assumptions regarding network topology, linkage between SIP and lower
layers, and the availability of transitive trust. These assumptions
apply only to private networks and are not appropriate for use in an
Internet environment. The mechanisms specified here were designed to
satisfy the requirements specified in the 3GPP Release 5 requirements
on SIP [RFC4083] for which either no general-purpose solution was
planned (where insufficient operational experience was available to
understand if a general solution would be needed) or for which a more
general solution is not yet mature. For more details about the
assumptions made about these extensions, consult the Applicability
subsection for each extension.

2.

Conventions
The key words "MUST", "MUST NOT", "REQUIRED", "SHALL", "SHALL NOT",
"SHOULD", "SHOULD NOT", "RECOMMENDED", "MAY", and "OPTIONAL" in this
document are to be interpreted as described in [RFC2119].

3.

Overview
The 3GPP uses SIP as the protocol to establish and tear down
multimedia sessions in the context of its IP Multimedia Subsystem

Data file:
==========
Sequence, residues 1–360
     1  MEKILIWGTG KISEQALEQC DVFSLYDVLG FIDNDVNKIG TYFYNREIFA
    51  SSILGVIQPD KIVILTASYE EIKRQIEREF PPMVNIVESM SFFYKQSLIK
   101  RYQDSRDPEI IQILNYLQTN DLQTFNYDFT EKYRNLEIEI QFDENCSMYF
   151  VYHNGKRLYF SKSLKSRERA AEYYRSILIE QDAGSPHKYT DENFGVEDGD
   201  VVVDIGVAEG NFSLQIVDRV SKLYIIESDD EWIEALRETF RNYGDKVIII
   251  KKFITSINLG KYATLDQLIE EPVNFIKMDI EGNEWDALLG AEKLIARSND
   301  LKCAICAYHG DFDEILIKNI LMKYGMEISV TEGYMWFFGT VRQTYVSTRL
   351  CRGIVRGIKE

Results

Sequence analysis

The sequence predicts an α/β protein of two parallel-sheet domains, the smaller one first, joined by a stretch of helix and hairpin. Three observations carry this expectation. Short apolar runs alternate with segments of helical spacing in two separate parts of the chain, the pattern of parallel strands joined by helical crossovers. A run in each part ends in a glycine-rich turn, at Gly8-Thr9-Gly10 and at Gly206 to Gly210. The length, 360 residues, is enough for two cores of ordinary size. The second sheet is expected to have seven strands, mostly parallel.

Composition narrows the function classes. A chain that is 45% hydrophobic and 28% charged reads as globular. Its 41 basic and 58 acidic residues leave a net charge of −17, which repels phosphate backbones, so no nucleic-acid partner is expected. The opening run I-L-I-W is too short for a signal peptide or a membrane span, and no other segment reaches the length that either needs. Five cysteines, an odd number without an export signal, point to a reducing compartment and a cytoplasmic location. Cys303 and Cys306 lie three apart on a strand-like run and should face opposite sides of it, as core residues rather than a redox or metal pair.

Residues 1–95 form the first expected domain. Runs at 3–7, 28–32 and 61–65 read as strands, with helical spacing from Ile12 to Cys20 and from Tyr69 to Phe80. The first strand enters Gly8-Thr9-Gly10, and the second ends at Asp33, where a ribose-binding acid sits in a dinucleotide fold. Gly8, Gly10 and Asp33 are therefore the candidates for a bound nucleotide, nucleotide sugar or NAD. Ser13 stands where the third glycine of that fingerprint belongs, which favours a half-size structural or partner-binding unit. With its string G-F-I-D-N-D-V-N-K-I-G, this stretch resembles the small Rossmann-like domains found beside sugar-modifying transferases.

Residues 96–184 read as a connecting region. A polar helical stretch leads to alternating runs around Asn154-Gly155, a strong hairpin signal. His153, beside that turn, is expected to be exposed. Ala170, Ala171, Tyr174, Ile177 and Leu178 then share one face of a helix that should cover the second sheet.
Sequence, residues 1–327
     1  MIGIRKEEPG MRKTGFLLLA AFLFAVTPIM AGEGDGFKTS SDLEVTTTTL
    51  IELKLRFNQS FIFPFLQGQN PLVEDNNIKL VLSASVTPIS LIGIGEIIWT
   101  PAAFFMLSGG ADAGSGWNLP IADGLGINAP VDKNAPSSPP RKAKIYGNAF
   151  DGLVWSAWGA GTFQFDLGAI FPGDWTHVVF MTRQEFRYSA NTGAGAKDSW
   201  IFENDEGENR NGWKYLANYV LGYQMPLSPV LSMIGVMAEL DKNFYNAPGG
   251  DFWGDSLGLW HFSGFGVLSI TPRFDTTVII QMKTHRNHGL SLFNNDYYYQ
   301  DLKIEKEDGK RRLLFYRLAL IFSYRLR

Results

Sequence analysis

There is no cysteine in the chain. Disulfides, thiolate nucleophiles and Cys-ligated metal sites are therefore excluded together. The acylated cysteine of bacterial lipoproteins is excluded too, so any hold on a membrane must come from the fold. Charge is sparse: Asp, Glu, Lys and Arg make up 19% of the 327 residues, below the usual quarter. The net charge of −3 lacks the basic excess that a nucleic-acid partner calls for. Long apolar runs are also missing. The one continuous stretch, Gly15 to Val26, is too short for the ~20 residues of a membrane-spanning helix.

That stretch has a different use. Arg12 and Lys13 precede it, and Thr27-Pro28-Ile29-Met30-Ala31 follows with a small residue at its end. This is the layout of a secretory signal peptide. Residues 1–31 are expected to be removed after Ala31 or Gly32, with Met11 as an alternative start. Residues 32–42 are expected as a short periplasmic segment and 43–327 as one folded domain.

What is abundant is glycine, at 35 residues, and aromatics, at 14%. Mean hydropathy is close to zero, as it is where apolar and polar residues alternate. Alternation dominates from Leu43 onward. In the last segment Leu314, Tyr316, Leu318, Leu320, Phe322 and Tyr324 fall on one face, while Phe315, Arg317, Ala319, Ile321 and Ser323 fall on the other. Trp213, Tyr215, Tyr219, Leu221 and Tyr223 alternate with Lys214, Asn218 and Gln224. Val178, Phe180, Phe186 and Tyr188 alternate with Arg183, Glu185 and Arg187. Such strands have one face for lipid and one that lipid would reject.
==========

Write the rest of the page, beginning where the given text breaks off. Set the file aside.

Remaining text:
(IMS), as described in the 3GPP TS 23.228 [TS23.228] and 3GPP TS

Jesske, et al.

Informational

[Page 3]

RFC 7315

3GPP SIP P-Header Extensions

July 2014

24.229 [TS24.229]. RFC 3455 [RFC3455] defines SIP private header


extensions (referred to as P-headers) that are required by the 3GPP
specification. Note that the requirements for these extensions are
documented in RFC 4083 [RFC4083]. This document obsoletes RFC 3455
[RFC3455]. This document updates existing P-header descriptions to
address additional requirements that are needed for 3GPP Release 11.
Each of the P-headers is described in the sections below.
4.

SIP Private Header Fields

4.1.

The P-Associated-URI Header Field

This extension allows a registrar to return a set of associated URIs


for a registered SIP address-of-record. We define the P-AssociatedURI header field, used in the 200 (OK) response to a REGISTER
request. The P-Associated-URI header field contains the set of
associated URIs that are associated with the registered address-ofrecord.
In addition to the address-of-record, an associated URI is a URI that
the service provider has allocated to a user. A registrar contains
information that allows zero or more URIs to be associated with an
address-of-record. Usually, all these URIs (the address-of-record
and the associated URIs) are allocated for the usage of a particular
user. This extension to SIP allows the User Agent Client (UAC) to
know, upon a successful authenticated registration, which other URIs,
if any, the service provider has associated with an address-of-record
URI.
Note that, in standard SIP usage [RFC3261], the registrar does not
register the associated URIs on behalf of the user. Only the